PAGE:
Colombian Community Paints A Mural Expressing Resistance to El Quimbo Dam

Mural in the Colombian community of La Jagua, protesting El Quimbo Dam

“The Colombian community of La Jagua, now threatened by the El Quimbo Dam, recently painted a series of murals depicting their opposition to the project and their hopes for a better future. We talked to a Colombian member of the group Entre Aguas, which helped coordinate the project.

The mural was an initiative of young people and children from the community of La Jagua, who care about the future of their territory. More than 50 people aged 6-30 years participated in the project. The purpose of the mural was to create a space where young people impacted by construction of El Quimbo could express themselves and paint the future they want for their country. The site chosen for the mural is a 200-year-old adobe wall, which is part of La Jagua Educational Institute. A local committee repaired and painted the wall in preparation.

Mural in the Colombian community of La Jagua, protesting El Quimbo Dam (kids painting)Right now, this is a territory without dams. The community’s main argument against El Quimbo is the imposition of a megaproject without consultation of impacted communities. This project is destroying the social fabric of communities, regional economies, food sovereignty and the environment.

The Beehive Design Collective, through their Pollination Project, has helped the community of La Jagua since 2008 in their opposition against El Quimbo Hydroelectric Project. The mural was initiated by the Pollination Project, the Jaguos for Territory Collective, and Urban Artist Gouache.”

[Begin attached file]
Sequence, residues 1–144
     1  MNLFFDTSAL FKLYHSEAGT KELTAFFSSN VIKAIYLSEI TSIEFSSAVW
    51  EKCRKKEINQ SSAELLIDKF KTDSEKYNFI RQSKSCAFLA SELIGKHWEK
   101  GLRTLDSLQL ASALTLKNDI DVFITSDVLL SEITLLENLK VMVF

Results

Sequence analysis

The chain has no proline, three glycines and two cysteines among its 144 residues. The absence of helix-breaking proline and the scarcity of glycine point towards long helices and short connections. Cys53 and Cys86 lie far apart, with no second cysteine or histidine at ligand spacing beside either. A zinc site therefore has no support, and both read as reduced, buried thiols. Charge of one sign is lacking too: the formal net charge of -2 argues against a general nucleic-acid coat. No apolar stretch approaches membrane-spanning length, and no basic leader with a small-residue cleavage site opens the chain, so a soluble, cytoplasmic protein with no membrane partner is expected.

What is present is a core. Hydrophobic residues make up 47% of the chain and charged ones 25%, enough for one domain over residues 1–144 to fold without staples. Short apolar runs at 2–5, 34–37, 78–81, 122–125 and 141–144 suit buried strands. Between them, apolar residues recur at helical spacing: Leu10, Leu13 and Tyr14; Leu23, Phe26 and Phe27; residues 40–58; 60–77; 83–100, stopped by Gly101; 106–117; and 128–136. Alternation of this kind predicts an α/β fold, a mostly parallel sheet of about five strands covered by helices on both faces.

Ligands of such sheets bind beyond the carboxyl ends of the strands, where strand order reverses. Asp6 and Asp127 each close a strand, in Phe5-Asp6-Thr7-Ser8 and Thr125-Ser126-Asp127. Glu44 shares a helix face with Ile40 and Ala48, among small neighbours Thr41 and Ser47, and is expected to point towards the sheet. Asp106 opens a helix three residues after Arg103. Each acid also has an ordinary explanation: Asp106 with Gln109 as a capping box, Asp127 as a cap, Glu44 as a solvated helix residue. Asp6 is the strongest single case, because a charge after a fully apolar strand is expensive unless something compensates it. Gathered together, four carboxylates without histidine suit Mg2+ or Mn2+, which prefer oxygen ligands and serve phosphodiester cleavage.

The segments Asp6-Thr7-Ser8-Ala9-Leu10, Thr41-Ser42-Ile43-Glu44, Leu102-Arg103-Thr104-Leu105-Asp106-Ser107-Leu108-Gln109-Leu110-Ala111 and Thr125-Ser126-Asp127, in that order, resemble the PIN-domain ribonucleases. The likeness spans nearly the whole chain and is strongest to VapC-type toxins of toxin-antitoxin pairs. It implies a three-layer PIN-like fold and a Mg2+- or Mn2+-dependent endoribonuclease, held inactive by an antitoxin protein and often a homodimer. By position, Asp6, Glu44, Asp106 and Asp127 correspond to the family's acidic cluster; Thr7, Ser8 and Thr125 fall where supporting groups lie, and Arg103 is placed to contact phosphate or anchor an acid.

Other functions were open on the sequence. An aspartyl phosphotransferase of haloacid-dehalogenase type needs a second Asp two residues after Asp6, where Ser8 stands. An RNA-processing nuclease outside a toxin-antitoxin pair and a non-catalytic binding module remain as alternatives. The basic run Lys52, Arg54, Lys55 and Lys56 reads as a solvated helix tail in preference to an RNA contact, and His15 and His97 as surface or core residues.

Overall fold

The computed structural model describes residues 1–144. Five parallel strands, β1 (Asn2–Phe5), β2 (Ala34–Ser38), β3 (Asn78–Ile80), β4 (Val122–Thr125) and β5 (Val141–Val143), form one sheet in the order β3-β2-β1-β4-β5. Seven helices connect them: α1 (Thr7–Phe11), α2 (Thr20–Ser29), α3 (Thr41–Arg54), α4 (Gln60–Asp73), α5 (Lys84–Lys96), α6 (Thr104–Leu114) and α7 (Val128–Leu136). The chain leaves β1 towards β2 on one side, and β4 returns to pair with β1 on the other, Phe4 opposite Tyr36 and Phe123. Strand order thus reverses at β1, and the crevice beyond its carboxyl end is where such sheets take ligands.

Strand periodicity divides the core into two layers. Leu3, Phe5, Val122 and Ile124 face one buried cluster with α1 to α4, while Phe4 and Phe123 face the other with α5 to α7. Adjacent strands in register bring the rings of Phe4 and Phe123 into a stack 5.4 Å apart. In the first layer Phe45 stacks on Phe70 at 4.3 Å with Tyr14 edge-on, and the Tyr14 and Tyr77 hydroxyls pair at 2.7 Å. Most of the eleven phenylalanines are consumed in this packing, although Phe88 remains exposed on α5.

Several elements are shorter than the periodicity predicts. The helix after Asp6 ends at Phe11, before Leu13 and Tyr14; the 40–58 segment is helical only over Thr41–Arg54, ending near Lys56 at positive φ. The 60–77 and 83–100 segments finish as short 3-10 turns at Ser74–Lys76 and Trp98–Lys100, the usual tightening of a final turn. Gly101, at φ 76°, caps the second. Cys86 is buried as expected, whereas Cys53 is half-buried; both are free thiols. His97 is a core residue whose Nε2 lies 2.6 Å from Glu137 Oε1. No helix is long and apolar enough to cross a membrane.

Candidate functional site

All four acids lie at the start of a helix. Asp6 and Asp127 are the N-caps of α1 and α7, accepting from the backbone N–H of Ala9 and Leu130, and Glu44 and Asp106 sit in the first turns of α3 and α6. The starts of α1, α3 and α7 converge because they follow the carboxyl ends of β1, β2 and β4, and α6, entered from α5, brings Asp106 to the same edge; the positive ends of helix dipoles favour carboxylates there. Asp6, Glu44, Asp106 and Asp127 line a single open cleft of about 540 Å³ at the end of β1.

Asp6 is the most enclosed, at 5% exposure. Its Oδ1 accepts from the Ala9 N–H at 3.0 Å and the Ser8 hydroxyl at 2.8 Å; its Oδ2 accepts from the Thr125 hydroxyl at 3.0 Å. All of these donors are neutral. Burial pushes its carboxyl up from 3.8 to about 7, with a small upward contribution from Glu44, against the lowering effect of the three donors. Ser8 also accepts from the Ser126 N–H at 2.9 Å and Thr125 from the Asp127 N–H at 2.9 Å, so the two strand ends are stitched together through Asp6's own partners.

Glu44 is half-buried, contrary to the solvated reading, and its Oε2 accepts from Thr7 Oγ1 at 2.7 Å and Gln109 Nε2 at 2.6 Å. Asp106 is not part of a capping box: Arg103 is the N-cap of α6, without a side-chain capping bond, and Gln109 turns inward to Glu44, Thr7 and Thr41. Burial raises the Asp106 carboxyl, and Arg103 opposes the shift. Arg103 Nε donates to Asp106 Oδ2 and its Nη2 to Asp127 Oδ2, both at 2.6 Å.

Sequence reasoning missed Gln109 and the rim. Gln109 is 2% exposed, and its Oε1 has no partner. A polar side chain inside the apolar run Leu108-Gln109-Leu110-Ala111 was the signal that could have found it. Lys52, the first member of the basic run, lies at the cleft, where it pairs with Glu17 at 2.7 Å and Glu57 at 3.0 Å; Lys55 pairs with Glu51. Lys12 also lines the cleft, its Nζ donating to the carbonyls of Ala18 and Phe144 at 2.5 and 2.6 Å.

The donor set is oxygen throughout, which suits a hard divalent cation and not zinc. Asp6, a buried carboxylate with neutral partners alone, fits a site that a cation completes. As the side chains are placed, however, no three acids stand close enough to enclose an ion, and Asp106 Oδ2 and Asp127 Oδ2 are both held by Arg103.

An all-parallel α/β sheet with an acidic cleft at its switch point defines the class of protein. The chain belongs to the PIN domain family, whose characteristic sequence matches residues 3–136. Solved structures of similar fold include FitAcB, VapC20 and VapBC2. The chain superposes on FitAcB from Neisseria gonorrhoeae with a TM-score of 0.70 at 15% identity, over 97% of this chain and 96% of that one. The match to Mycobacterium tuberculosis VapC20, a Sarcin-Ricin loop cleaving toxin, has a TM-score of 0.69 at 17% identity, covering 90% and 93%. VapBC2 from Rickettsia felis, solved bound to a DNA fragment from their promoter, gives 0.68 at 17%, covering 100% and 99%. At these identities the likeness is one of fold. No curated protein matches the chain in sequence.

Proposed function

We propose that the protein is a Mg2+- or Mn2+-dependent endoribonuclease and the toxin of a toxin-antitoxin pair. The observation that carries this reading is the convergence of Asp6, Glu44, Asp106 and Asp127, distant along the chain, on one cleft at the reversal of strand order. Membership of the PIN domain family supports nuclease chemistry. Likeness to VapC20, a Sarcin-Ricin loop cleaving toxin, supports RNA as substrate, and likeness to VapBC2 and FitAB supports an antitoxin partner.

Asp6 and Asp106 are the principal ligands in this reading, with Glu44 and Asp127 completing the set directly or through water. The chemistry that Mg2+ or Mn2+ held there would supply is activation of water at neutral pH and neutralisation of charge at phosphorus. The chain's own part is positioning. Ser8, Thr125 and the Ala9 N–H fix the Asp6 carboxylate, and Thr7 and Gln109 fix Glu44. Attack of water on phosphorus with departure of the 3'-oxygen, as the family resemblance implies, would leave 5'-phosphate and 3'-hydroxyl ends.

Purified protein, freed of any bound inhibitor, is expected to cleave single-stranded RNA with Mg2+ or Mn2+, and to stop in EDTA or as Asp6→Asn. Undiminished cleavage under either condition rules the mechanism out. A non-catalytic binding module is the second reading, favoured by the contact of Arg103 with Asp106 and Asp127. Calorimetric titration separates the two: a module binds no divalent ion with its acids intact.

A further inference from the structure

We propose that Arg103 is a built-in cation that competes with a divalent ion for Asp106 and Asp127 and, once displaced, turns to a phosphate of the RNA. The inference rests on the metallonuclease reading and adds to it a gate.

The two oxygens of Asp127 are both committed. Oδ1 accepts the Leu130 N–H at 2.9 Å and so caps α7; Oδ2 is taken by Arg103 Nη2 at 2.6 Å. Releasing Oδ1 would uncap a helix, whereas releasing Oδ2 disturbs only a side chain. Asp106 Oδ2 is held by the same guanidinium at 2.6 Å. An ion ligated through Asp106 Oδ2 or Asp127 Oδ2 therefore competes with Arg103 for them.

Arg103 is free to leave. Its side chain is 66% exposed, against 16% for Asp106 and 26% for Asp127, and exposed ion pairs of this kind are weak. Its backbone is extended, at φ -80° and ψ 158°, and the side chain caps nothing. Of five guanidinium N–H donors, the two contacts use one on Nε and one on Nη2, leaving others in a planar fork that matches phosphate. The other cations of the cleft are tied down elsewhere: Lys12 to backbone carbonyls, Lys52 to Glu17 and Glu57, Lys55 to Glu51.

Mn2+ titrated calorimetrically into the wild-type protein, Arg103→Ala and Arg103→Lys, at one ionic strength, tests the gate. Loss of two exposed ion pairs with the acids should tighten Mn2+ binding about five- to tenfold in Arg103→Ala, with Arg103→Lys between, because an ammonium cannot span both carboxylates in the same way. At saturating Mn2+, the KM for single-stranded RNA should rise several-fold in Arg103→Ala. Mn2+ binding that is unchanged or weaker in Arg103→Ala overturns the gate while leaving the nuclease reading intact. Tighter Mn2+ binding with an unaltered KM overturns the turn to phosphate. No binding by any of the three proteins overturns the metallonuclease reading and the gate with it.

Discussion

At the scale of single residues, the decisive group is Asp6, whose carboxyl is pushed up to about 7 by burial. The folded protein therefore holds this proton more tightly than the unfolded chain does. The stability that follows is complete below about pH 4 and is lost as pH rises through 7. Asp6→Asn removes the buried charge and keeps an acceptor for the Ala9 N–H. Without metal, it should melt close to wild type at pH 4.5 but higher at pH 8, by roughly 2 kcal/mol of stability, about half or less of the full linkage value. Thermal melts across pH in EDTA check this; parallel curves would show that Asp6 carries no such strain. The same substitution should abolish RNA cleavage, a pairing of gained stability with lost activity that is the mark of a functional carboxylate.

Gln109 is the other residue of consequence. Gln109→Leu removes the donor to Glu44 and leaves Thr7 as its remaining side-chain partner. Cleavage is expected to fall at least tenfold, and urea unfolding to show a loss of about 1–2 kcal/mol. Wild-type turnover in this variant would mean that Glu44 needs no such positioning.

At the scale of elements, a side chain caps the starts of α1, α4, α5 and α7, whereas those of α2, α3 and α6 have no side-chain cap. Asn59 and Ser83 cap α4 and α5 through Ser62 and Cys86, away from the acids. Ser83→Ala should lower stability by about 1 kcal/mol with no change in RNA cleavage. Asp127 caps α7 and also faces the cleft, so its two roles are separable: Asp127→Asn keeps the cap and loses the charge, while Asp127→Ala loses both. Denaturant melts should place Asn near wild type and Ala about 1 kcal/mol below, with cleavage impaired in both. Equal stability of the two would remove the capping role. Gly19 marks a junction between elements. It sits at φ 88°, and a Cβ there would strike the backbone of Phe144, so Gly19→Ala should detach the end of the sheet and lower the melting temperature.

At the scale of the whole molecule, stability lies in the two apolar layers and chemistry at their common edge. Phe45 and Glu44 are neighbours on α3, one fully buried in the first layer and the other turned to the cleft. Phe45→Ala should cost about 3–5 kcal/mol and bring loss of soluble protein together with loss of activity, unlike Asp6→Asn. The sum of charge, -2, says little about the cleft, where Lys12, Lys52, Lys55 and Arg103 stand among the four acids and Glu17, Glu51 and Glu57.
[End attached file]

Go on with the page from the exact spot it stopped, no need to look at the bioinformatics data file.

Colombian paramilitaries murder farmers and union leaders to silence community resistance

“In Colombia the 21 day national strike, which enjoyed broad support, was a victory for the farmers movement, after 12 deaths, 4 disappearances, and 485 injured, according to official numbers; they got a law to control seeds suspended, along with subsidies to gas and supplies, to compensate the farmers for their losses, competing with international multinationals brought in the country by free market treaties.

The government and the strike board are currently negotiating new farming and mining laws, along with a revision of 10 free market treaties, trying to compensate or reduce the losses of farmers and miners; in the cities, while the solidarity with the farmers was the spark for the protests the privatization of health care and education brought even more people to the streets.

Facing police repression, and despite the threat of paramilitary violence they got a political victory, paralyzing the country while president Santos saw his popularity fall to an all time low of 24%, which forced him to negotiate.

But even after such demonstration for farmers to oppose mining and oil projects can be a very dangerous activity in this country, Julio farmer and human rights defender from Guayabero, has received dead threats, he believes not only him but everyone else in town is also in danger […]”